Predicting fee income and expenditure
Produced in partnership with Robert Mowbray of Taylor Mowbray LLP
Predicting fee income and expenditure

The following Practice Management guidance note Produced in partnership with Robert Mowbray of Taylor Mowbray LLP provides comprehensive and up to date legal information covering:

  • Predicting fee income and expenditure
  • Why do law firms need budgets and how might they be structured?
  • How do you predict fee income with more certainty to reduce risk?
  • Responsibility for delivering budgeted fees
  • How to budget for expenses and determine whether you are spending too much or too little

Why do law firms need budgets and how might they be structured?

Like any other business, a law firm needs some budgets each year so:

  1. it can properly control its income and expenditure, and, as a result

  2. reduce the risk of the final profit not being in line with expectations

It is worrying how many firms do not have budgets and when challenged the reason given is often that they are not a business but a professional firm. A law firm may be a professional firm but it still needs to be run in a business-like way.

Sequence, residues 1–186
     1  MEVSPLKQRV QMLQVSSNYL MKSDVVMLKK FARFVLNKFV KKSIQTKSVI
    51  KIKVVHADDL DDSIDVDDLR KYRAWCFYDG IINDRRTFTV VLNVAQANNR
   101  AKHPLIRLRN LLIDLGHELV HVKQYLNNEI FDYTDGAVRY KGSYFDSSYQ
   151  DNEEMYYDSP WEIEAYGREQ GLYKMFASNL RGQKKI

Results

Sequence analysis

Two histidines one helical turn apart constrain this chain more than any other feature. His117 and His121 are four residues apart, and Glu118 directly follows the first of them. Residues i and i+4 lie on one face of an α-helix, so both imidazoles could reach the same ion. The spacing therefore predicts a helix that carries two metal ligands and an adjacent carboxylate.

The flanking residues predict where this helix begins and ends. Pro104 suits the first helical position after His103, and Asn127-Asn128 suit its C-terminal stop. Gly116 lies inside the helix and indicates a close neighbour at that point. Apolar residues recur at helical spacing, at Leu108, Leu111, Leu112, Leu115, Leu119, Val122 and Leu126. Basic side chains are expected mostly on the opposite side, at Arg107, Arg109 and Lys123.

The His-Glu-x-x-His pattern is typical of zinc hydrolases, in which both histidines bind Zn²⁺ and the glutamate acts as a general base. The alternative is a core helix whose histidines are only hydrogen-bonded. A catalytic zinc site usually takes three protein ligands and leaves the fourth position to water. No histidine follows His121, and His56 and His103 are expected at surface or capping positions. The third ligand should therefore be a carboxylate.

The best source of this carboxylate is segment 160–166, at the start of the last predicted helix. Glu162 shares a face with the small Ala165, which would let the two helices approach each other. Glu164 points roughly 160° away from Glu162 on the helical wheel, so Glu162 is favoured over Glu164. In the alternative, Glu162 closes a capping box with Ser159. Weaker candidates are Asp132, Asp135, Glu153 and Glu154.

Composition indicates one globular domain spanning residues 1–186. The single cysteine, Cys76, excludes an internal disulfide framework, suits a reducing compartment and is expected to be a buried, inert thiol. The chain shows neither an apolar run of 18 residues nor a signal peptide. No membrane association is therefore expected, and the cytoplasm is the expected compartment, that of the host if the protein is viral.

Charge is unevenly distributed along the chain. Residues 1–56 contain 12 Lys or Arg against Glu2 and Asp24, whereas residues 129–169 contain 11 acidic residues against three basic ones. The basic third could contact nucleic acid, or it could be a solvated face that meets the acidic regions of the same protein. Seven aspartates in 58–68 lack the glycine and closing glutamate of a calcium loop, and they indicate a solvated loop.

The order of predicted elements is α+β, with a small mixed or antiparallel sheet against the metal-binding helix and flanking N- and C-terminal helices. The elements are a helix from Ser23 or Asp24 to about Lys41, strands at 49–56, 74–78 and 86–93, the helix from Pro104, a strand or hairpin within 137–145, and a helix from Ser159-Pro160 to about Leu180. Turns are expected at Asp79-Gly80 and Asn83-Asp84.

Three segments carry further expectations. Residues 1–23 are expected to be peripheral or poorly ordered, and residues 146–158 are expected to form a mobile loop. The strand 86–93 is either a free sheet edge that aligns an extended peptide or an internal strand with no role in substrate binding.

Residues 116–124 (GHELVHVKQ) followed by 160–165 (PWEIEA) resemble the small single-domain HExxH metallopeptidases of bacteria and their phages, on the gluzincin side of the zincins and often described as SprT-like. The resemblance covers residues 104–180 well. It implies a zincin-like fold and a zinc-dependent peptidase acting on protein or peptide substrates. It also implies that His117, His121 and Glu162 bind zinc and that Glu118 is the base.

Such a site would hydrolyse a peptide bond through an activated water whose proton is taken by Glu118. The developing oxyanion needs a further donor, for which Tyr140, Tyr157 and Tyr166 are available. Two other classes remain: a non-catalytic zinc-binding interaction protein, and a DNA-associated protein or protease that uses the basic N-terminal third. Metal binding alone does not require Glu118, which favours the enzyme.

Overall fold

Law firms are very straightforward compared to some other businesses: they are simply buying the time of fee earners and selling that time on to clients with a view to making a profit.

A law firm will also incur overheads in addition to the cost of the fee earners. This is necessary to:

  1. enable the fee earners to work efficiently and effectively

  2. ensure the services that are delivered to clients meet their expectations

A traditional law firm budget might therefore look as follows, with the fee income being around three times the cost of the fee earner salaries—note these figures have been used purely to illustrate a very simple worked example:

$1

This example demonstrates that there is a need to formulate:

  1. a fee income budget

  2. two costs

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